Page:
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    \$\begingroup\$ @stowoda It is full duplex. Nobody said it is not full duplex but the opposite, that it is full duplex. \$\endgroup\$
    – Justme
    Commented Jun 14 at 7:52
  • \$\begingroup\$ Ok, I got it now. PAM-5 is the key. Thx. \$\endgroup\$
    – stowoda
    Commented Jun 19 at 8:56

For throughput testing consider sending receiving raw Ethernet packets, and bypassing the network stack. While not communication between two Linux machines, for environmental testing of network switches have used the following techniques:

  1. switch_test_main.c uses PCAP. A single thread can achieve the full-duplex bandwidth of 1000 Mb Ethernet port. PCAP uses interrupts and did suffer packet drops when tried using the full-duplex bandwidth of a 10 Gb Ethernet port.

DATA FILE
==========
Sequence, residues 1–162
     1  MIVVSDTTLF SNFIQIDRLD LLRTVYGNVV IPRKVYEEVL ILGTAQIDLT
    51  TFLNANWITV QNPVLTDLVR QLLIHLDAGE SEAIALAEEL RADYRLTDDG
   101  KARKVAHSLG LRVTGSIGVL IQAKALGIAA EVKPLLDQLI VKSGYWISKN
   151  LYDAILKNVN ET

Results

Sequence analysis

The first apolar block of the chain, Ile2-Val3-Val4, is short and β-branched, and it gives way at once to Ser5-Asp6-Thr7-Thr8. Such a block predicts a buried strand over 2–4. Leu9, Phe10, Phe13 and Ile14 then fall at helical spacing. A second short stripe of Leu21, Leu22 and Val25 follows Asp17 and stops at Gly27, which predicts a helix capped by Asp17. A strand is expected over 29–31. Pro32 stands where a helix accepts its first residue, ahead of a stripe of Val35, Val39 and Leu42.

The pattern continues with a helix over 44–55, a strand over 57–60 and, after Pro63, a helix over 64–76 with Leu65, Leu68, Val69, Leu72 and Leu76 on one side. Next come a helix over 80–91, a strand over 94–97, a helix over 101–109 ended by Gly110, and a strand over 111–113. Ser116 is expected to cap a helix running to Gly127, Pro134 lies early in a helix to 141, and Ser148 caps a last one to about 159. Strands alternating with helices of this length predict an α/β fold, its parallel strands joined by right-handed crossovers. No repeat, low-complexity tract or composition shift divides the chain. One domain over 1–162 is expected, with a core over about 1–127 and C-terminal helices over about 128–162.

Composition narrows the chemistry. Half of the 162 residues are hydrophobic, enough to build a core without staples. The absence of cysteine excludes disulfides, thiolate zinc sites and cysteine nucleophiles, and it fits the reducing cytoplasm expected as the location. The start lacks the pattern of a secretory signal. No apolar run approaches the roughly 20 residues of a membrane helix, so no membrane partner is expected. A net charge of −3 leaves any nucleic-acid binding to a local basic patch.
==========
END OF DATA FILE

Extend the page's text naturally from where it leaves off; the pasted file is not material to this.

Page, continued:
2. dpdk_switch_test.c uses DPDK and a single thread can achieve the full-duplex bandwidth of a 10 Gb Ethernet port. DPDK is poll-mode access to the Ethernet hardware and doesn't use interrupts, which allows higher bandwidth without packet loss.

My above code doesn't directly allow the replacement of iperf for the bandwidth measurements, but may serve an example of how to bypass overheads of using the network stack for maximising the achieved bandwidth of Ethernet ports for hardware tests.

  • \$\begingroup\$ Thanks. Ill give it a try. \$\endgroup\$
    – stowoda
    Commented Jun 19 at 8:57
  • \$\begingroup\$ Too bad, Id need static libaries to compile your switch test for aarch64 :/ I think I am not skilled enough to doo that. \$\endgroup\$
    – stowoda
    Commented Jun 19 at 10:09